And if you look at the record of informal summits, it is not very encouraging. There was Sunnylands, there was Mar-a-Lago or if you look at the Reykjavik summit between (US President Ronald) Reagan and (General Secretary Mikhail) Gorbachov. The only one that we did without any agenda was Agra (summit with Pakistan in 2001).
Judging from the results, this may have been called an informal summit, but there was certainly prior preparation.
In fact, I was a bit surprised when you said that both sides didn’t hype it up. Chinese media was comparing the upcoming informal summit to Rajiv Gandhi’s landmark tour.
Global Times, I don’t think, represents Chinese media. Chinese media is useful because it represents what they want you to know or think. So, when Chinese media changes its tone and goes to the other extreme from threatening war one day and within six months, goes back to saying ‘no-no, we are very good friends’ – it is a signal to their own people and to the rest of the world. That doesn’t mean that it describes reality and I don’t think we should ever make that mistake.
Can I ask you to speculate on the motives for the timing of the two leaders, to have met now?
That’s completely guesswork now. As I said, for me, it is the uncertainty in the international situation. The fact that nobody knows where it will go and that we have more important things to do.
China has more important things to do, whether it is trade war, the situation around Taiwan, South China Sea, East China Sea or Korean nuclear issue. They have lot of things on their plate. But, more importantly, they have huge domestic issues. If you read Xi Jinping’s speech at the 19th Party Congress, it has a long list of things they have to do. It is mainly an internal speech, not about the outside world. It is about the whole restructuring of the Chinese economy, how to avoid the middle income trap…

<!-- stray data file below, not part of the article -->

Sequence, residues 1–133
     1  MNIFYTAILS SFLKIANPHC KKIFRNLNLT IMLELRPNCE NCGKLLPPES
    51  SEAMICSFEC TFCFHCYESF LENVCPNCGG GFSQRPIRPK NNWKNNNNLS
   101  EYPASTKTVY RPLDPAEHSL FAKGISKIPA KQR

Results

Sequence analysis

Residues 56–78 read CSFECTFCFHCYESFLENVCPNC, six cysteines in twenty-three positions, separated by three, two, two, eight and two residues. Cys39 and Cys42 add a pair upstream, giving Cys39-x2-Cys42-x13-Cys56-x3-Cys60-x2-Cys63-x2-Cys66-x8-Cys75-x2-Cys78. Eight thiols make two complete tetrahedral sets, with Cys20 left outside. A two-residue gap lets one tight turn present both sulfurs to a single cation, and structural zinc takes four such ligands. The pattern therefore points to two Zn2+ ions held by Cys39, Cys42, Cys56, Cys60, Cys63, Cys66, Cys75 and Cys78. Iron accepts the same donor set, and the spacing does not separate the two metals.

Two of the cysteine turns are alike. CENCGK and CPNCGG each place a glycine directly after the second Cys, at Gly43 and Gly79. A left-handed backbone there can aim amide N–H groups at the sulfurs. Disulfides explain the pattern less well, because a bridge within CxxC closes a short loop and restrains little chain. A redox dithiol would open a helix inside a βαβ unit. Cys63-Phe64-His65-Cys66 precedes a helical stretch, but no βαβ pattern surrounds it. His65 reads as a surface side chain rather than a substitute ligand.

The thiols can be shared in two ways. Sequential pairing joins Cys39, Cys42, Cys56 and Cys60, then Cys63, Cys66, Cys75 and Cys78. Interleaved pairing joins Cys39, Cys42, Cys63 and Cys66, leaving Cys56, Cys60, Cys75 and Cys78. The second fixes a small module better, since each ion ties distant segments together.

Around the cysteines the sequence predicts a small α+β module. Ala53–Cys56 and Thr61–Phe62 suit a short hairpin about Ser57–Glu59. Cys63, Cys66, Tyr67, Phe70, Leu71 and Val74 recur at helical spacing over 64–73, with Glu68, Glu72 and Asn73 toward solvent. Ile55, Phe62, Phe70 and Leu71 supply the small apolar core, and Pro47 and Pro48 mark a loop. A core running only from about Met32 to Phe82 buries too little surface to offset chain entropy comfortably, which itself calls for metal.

In fact, discussing their domestic priorities was very much top of the agenda during this summit, we were told.
We have also huge domestic priorities. We have elections next year. So both governments have lot of things to do.
It was not part of the public statements, but apparently one of the concrete outcomes of the informal summit was the possibility of a joint economic project in Afghanistan.
This is the point. If we are rubbing up against each other in the periphery, we need to see where our interests coincide, where we can work together. This is not a straight zero sum kind of calculation. Like I said, we both have a common interest in a stable, peaceful periphery, free of extremism. That is something we should build on. Doing such a project in Afghanistan would be one such example.
Didn’t you discuss such a proposal with China earlier?
We had discussed it earlier and they had been positive about it.
What happened to those discussions?
I don’t know what happened after that. It was in 2010-12. We talked specifics, but in principle, they wanted to see what’s possible.
From their point of view, once the Americans announced withdrawals from Afghanistan, it became clear they didn’t want a vacuum that was filled by others.
And with 2012 drawdown, there was a sense of uncertainty over Afghanistan.
There was a huge level of insecurity. We discussed it with the Chinese, the Russians. We were all talking to each other on what could be done, what is happening.